Frangipani is the flower that many of us foreigners instantly fall in love with in Thailand, or South East Asia. You most probably encountered the flowers in a spa bath in Thailand, if you have ever been to one. The Laotian even made it their own flower. It is the symbol of the national carrier Lao Aviation, and declared a national flower. In Laos it is called Dok Champa. Plumeria is the more scientific name and it derives from Charles Plumier, a French botanist (1646 – 1704). He was regarded as one of the most important botanical explorers of his time, Plumier served as a botanist to King Louis XIV of France. He did many journeys to the New World documenting plants and animal species. The name Frangipani comes from the name of a 16th century Italian nobleman who created a perfume with a similar scent used for gloves.
Often named Temple tree, this tree is appreciated all over the region, but it is originally from the West Indies. (Source Plants in the Tropics). In the region, the tree is believed to protect you from ghosts and demons.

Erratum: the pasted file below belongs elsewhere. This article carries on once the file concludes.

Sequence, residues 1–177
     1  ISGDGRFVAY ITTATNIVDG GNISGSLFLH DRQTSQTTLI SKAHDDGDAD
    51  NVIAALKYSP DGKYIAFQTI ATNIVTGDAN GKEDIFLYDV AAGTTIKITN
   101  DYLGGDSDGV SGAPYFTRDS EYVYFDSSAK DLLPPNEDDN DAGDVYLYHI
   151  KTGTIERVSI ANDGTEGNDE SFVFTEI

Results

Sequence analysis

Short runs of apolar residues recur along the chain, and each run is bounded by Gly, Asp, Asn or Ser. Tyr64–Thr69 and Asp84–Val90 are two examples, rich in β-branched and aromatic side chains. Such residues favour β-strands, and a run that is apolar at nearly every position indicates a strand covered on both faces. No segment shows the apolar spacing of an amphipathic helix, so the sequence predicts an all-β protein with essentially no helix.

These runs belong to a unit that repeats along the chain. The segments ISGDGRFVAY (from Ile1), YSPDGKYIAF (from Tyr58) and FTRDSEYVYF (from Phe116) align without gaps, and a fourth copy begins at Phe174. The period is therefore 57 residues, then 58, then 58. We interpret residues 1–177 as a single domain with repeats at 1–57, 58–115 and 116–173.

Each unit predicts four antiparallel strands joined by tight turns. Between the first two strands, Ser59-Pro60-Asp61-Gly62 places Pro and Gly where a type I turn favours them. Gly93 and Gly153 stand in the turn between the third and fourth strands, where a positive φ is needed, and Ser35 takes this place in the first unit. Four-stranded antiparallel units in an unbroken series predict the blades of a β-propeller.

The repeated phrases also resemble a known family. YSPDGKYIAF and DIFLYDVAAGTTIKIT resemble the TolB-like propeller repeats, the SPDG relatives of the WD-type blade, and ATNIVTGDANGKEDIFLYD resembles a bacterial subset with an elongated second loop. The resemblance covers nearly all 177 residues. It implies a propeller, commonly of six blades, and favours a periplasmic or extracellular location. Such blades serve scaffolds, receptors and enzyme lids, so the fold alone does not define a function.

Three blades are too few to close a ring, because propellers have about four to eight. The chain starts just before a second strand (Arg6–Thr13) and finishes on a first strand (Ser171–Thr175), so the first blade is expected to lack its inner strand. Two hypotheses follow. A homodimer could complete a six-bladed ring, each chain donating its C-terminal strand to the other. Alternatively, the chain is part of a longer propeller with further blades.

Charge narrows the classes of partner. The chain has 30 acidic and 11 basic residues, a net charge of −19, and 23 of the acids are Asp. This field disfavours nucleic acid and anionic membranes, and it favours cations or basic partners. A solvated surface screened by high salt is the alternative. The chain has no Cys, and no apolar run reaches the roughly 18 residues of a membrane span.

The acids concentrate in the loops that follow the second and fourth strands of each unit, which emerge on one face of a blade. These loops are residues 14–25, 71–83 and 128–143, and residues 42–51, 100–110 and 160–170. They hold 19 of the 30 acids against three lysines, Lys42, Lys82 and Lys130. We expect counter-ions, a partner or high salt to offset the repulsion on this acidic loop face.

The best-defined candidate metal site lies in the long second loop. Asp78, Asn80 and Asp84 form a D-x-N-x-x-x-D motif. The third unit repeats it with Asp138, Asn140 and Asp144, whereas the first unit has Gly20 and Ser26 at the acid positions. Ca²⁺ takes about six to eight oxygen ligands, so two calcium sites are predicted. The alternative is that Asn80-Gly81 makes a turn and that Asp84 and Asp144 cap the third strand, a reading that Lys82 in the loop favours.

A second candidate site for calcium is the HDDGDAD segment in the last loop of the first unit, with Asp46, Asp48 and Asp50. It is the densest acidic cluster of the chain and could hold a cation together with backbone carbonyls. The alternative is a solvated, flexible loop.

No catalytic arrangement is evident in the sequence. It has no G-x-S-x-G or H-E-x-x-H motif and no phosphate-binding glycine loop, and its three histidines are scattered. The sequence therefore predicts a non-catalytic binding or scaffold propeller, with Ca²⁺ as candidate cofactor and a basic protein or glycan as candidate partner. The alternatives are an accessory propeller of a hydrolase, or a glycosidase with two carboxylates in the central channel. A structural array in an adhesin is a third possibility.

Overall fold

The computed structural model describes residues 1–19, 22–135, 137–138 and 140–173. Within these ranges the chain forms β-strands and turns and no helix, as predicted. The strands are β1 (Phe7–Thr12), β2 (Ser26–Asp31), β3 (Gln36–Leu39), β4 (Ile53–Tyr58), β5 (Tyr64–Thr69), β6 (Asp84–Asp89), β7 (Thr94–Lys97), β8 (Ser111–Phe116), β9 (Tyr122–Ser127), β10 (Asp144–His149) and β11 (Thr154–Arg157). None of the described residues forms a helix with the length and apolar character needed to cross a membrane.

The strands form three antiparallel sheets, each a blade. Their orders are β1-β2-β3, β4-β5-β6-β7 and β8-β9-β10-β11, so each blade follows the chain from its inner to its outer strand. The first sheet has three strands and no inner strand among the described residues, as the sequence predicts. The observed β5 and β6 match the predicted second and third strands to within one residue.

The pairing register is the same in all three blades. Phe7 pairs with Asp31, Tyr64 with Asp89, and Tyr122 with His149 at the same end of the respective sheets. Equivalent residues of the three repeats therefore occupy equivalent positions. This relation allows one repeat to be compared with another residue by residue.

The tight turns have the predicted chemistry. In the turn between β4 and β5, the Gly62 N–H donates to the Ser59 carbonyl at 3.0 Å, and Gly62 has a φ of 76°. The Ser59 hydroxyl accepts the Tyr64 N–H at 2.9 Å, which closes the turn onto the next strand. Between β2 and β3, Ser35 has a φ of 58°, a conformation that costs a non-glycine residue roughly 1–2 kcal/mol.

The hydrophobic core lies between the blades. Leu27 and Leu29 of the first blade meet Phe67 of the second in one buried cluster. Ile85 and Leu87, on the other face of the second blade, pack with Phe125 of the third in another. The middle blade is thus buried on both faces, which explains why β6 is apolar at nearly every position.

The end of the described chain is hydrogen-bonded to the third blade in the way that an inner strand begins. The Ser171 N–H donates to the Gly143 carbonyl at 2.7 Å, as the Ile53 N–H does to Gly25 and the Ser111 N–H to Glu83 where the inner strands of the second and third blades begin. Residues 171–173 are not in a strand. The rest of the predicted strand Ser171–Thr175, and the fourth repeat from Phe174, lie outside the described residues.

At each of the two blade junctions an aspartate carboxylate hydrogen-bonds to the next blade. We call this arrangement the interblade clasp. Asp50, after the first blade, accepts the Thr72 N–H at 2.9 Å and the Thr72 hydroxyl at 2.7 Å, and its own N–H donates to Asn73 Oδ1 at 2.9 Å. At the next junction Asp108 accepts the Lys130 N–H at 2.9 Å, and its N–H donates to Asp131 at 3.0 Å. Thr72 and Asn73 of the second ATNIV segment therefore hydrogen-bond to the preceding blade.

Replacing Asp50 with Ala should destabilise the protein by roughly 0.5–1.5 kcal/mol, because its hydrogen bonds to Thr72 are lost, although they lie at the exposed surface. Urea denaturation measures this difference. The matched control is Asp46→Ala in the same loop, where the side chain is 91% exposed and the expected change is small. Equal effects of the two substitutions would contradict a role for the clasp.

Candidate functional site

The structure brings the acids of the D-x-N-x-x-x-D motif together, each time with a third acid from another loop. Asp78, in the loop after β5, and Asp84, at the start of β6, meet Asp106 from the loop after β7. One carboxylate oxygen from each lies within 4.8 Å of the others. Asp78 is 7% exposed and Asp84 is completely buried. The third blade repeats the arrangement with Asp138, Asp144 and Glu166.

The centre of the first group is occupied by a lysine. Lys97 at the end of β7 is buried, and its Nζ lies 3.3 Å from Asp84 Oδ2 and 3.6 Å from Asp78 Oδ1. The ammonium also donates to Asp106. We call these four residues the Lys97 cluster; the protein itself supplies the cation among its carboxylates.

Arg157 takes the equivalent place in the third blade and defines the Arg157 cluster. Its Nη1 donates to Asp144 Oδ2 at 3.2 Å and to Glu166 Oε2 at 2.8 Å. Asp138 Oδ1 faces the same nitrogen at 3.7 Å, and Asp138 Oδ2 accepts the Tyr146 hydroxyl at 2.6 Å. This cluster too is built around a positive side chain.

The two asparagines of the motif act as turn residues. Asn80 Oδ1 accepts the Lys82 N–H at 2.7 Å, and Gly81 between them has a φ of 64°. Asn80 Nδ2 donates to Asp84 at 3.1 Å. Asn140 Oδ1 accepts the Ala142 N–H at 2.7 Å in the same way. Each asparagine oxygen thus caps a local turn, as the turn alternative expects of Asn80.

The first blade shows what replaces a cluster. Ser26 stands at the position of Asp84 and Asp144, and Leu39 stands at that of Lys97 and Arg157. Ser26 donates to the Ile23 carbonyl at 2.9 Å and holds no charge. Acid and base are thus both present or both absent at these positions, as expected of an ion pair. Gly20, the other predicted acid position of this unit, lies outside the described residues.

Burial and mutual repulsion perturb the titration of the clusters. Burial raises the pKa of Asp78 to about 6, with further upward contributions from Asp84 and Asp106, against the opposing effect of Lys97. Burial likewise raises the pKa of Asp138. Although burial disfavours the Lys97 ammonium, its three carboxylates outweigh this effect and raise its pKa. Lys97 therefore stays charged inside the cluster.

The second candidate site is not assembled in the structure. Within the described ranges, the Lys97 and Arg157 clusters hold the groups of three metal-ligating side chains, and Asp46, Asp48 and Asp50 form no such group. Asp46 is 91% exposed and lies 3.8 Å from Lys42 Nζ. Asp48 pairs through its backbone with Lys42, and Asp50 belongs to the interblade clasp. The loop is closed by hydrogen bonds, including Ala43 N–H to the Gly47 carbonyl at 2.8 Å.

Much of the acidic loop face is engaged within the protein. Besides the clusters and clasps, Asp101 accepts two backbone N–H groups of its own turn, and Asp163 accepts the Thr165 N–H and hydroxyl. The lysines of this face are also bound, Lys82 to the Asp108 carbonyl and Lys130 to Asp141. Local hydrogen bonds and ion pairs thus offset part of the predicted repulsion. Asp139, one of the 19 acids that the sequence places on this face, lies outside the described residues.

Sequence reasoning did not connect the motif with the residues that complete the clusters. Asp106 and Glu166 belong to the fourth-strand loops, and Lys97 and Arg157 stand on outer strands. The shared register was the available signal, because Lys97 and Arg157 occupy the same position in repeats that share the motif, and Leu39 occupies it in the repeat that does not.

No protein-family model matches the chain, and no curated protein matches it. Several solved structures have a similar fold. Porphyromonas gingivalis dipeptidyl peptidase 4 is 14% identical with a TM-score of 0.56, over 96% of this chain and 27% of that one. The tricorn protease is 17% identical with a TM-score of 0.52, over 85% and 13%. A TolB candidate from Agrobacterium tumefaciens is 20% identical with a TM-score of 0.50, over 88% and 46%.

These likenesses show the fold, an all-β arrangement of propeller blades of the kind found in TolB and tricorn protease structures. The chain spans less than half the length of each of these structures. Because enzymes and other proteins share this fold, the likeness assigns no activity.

After the introduction of the early rainy season this year our trees are now in full bloom.
The tree drops leave all year round, but mostly during the dry season. So the tree can be & like a coral looking creation with flowers in bloom but no leaves. If you cut off a branch you will have milk-white liquid pouring out of it, but the cuttings can be replanted and in no time in the tropics, it will grow to become a tree. You can grow a rainbow of Frangipanis since the choices of flower colours is so varied, and the perfume is divine.
Frangipani is not hard to grow but demands a lot of work due to the leaves. The long leather-like leaves drop all the time, so every day you have to work out to pick up large amounts of leaves.
Plumeria or Frangipani is truly an iconic symbol of South East Asia. And it does give you some nice shadow in your garden.